Showing posts with label Singer 201K. Show all posts
Showing posts with label Singer 201K. Show all posts

Thursday, 30 May 2013

Baby Fence Rail - Pt III

I have been chain piecing the 48 squares into pairs and pressing them.  I had experimented with chain piecing when constructing the piano key border for the log-cabin quilt and I think it is the best thing since the invention of the lock-stitch machine!  It's hard to believe how much such a simple technique speeds up the piecing process.  I use a dry iron to set the seams and then I snip the units apart before "pressing to the dark side"

The 48 squares make 24 pairs which, in their turn, will be sewn together creating 12 four patch squares.

Here I have managed to sew together 12 of the pairs to produce six squares.  I stopped here because the light was starting to fail (to be fair it hardly got light today) and I wanted to get some pictures taken.  I used a couple or three pins to make sure that the seams all stayed matched at the centre of the blocks.  They've come out well so far and the 201K has behaved faultlessly.  The hinged presser foot has managed to glide over the pressed seams and pins beautifully.

I may carry on and sew the remaining pairs into squares this evening but I will need to spend some time reading up on "blocking".  The larger squares should measure approximately 12 and a half inches and finish at 12.  The ones I have completed aren't far out but I really want to be as accurate as possible.  From what I can tell blocking will help me establish the 'true' sewing line for when I piece the units together in rows.  One method advocates using a square ruler and a pencil to establish this line the other a rotary cutter to trim blocks down to size.  I think am leaning toward the drawing rather than the cutting method.  Less scope for disaster at this stage perhaps? 

Tuesday, 28 May 2013

Baby Fence Rail - Pt I

Last night I pre-washed the fabric I bought for this project back in March.  It was all dry by the time I got home this evening and ready to be ironed.

With the fabric ironed I got to work with the rotary cutter.  I didn't set out to do all my cutting in one go but I had no idea how quickly this would go when working with new yardage and a new cutting disc.  To date my patch work has all been put together from repurposed garments or left overs from other projects.  This has meant dealing with irregular shapes and a certain amount of patch by patch cutting.  New fabric is regular in shape, easy to fold and it took no time to cut eight, two and a half inch, cross-width strips from each fabric.  I then cut a further six wider strips from two of the fabrics.  These will form narrow and wider borders.  The binding will be made of the third (yellow) fabric.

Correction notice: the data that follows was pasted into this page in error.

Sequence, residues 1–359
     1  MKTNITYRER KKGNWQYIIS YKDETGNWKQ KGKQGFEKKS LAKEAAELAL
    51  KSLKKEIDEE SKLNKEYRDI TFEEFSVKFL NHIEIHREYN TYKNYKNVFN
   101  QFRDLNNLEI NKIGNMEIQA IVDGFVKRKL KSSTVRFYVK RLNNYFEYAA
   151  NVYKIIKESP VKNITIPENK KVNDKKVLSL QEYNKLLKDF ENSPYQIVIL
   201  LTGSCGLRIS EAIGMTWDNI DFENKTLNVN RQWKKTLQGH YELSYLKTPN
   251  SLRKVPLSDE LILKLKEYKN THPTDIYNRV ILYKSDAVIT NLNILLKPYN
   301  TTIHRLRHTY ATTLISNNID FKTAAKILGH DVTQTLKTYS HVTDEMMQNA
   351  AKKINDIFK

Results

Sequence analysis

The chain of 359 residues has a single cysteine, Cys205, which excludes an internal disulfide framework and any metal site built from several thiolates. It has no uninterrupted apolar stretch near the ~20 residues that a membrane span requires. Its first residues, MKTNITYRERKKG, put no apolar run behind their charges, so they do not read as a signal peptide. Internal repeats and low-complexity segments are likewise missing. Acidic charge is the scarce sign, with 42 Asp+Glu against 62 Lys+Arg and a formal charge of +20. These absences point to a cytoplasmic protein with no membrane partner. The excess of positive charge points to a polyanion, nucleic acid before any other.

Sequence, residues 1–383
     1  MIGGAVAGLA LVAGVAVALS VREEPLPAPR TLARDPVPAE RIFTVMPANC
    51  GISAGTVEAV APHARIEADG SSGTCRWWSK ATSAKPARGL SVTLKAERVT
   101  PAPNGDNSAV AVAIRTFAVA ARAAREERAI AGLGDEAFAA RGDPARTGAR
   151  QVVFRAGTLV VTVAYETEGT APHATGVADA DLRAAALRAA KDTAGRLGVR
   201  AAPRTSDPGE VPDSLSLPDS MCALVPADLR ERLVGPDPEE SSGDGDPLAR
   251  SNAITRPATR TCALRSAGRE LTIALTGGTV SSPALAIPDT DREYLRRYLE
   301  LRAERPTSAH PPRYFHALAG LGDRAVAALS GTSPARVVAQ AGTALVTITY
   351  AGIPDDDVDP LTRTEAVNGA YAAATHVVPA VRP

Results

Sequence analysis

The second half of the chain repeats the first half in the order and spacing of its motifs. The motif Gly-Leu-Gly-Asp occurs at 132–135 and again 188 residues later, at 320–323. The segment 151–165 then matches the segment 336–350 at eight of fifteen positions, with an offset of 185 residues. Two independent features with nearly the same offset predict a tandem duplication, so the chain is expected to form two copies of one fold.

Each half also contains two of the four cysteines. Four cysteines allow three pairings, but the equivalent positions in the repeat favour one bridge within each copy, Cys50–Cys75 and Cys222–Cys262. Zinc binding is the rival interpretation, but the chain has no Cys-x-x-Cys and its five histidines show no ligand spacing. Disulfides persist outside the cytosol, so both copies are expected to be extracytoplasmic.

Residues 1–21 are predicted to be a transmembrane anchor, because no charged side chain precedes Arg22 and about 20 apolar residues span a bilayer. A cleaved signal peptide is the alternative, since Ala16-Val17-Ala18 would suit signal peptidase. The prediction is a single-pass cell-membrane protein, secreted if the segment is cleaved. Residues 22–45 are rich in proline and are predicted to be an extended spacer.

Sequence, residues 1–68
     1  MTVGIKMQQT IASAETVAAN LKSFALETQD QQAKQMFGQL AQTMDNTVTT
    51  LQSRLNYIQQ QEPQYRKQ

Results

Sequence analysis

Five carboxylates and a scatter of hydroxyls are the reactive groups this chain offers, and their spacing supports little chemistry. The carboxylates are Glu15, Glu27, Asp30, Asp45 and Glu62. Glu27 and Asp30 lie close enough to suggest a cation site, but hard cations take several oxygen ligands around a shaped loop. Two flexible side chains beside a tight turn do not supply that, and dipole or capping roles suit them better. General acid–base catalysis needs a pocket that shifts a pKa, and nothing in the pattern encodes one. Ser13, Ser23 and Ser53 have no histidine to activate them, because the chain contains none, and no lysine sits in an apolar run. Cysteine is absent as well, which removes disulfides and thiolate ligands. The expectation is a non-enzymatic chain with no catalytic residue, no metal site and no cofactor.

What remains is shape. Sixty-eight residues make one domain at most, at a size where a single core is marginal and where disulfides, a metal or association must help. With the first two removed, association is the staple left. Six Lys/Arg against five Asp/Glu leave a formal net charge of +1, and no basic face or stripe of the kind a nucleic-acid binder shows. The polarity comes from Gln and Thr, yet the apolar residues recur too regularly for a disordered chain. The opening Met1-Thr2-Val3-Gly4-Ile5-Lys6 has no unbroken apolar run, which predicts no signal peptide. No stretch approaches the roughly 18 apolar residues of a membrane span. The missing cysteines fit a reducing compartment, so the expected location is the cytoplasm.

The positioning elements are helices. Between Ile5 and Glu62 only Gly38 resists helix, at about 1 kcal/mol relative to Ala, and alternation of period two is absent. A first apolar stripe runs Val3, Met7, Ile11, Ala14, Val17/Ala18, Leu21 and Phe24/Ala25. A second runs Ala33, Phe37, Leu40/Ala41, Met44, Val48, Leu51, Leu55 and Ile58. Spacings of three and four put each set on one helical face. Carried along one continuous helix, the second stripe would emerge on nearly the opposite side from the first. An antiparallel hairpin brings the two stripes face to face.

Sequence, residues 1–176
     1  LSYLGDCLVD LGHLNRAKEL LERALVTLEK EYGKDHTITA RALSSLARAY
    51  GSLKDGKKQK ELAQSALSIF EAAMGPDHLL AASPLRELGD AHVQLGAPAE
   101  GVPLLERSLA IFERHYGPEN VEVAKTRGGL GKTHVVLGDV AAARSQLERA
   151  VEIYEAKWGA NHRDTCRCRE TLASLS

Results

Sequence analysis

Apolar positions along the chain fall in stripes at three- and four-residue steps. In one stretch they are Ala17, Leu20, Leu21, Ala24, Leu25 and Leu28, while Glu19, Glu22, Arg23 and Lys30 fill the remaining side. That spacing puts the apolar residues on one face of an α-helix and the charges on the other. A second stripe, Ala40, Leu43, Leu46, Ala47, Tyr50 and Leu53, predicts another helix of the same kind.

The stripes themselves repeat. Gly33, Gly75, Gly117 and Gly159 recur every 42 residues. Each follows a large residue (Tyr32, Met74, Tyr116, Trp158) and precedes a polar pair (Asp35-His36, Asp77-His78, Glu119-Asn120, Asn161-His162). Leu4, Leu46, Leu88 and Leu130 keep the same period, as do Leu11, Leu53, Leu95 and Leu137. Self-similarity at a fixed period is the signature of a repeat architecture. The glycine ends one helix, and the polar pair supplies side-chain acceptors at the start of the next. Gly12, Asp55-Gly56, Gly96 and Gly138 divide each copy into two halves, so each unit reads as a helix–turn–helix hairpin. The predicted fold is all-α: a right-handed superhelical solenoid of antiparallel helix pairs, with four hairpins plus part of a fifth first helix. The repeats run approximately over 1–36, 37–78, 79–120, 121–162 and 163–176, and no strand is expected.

Don't the cut fabrics look satisfying all laid out and ready to go?

The brand new spool of natural coloured Gutermann's sew all was too much for me to resist so I got to work filling a bobbin.  I have decided, as this project begins with sewing strip sets, to use the 201k to piece this project.  The large level working space provided by the cabinet will be useful.

Filling bobbins is a task I always enjoy and never more so than on my 201k.  The rubber tyre is nearly new so the winder fills bobbins a treat!  This is where I intended to stop for the evening but all that lovely cut fabric was just too tempting.

So here it is - the first strip set I have sewn and pressed.  The ironing board cover is new.  I bought it off the peg but had to do major surgery yesterday afternoon to make it fit my tiny ironing board.

Sunday, 7 April 2013

The Log Cabin Quilt: Pieced and pressed

It feels like it has been a long time coming and I know that I still have a way to go.  Nevertheless I cannot help feeling that I have crossed a personal rubicon this evening.  I have finished piecing the log cabin quilt top.

The top is now 42 inches wide and 56 inches long.  I think this will be a decent size for a cot plus a little bit of growing space.

I finished the borders on the Singer 201K.  I am still quite new to the treadle but I managed the long seams reasonably well.  The large level workspace is a bonus.  I only had one sticky moment when I upset the apple cart by letting the machine run backwards.  Result?  - Great wads of top thread knotting up on the underside of the work - this is to be avoided.  I had to stop, cut the work from machine and unpick the mess before I could continue.

So now it is time to think about putting the 201K to bed for a little while and introduce the Singer 401G.  That's the machine I am going to use to straight-line quilt this project.  But for now I think I've earned a beer.

Wednesday, 27 March 2013

The Log Cabin Quilt: Sashing and Border update

Here are the log cabin blocks pieced together in the sunshine and shadow setting. All the paper foundation has been removed [with the help of TMB - thanks!] and the narrow red sashed border added.  I think I like it... 

Spot the toe of my carpet slippers! 

Production has switched to the 201K.  The 28K's bobbin ran out on Saturday afternoon and I already had a class 66 bobbin wound with white thread.  The large level work space of the 201K's cabinet made the long seams more manageable. Does anyone else ever switch machines part way through a project?

Here is the quilt top a few minutes later with the first long side of piano keys added.  The border has been pressed and the quilt is making me smile.